Open Internet Advocates Dismayed With Google

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Wired's Ryan Singel posted a scathing attack on Google's latest negotiation with Verizon today, calling them "a carrier-humping, net neutrality surrender monkey." The long-time tech reporter (and a good friend of this writer) does a particularly good job showing how Google's attitude toward net neutrality has changed over the years. That is to say, he remembers what Google said in 2007, and it's not what they are saying now.

Google defends its reversal, saying through a spokeswoman: "We have taken a backseat to no one in our support for an open Internet. We offered this proposal in the spirit of compromise. Others might have done it differently, but we think locking in key enforceable protections for consumers is progress and preferable to no protection."

Compare Monday's statement to this one, from a post on Google's official blog in 2007: "The nation's spectrum airwaves are not the birthright of any one company. They are a unique and valuable public resource that belong to all Americans. The FCC's auction rules are designed to allow U.S. consumers -- for the first time -- to use their handsets with any network they desire, and download and use the lawful software applications of their choice."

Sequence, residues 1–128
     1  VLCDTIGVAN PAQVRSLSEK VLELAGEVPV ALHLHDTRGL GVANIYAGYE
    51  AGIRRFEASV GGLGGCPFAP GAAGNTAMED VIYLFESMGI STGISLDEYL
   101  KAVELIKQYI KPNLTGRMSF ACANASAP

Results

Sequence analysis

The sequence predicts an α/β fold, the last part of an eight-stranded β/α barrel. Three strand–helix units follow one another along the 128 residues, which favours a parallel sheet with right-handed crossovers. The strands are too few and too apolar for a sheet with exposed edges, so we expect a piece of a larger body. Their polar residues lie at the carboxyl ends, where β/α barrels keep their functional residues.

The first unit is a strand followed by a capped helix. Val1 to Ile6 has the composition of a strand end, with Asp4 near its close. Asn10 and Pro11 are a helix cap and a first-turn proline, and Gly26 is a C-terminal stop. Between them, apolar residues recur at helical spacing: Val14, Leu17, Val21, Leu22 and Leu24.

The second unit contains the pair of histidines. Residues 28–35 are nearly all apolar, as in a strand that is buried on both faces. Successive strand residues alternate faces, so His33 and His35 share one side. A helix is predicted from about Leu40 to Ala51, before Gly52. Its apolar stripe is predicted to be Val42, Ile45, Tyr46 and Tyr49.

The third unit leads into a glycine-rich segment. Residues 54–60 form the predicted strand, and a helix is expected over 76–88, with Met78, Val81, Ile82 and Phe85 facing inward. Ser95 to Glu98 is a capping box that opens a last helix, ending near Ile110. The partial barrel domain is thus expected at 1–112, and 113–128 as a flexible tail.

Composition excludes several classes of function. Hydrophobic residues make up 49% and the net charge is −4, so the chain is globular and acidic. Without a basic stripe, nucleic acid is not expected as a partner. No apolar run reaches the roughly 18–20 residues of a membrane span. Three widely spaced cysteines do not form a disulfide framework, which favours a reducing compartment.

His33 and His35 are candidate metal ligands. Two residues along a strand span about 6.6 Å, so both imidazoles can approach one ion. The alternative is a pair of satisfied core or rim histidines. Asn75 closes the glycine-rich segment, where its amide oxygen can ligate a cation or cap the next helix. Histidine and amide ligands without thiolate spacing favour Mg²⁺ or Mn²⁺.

Read the full story at Wired.

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Alexis C. Madrigal

Alexis Madrigal is the deputy editor of TheAtlantic.com. He's the author of Powering the Dream: The History and Promise of Green Technology. More

The New York Observer has called Madrigal "for all intents and purposes, the perfect modern reporter." He co-founded Longshot magazine, a high-speed media experiment that garnered attention from The New York Times, The Wall Street Journal, and the BBC. While at Wired.com, he built Wired Science into one of the most popular blogs in the world. The site was nominated for best magazine blog by the MPA and best science website in the 2009 Webby Awards. He also co-founded Haiti ReWired, a groundbreaking community dedicated to the discussion of technology, infrastructure, and the future of Haiti.

He's spoken at Stanford, CalTech, Berkeley, SXSW, E3, and the National Renewable Energy Laboratory, and his writing was anthologized in Best Technology Writing 2010 (Yale University Press).

Madrigal is a visiting scholar at the University of California at Berkeley's Office for the History of Science and Technology. Born in Mexico City, he grew up in the exurbs north of Portland, Oregon, and now lives in Oakland.

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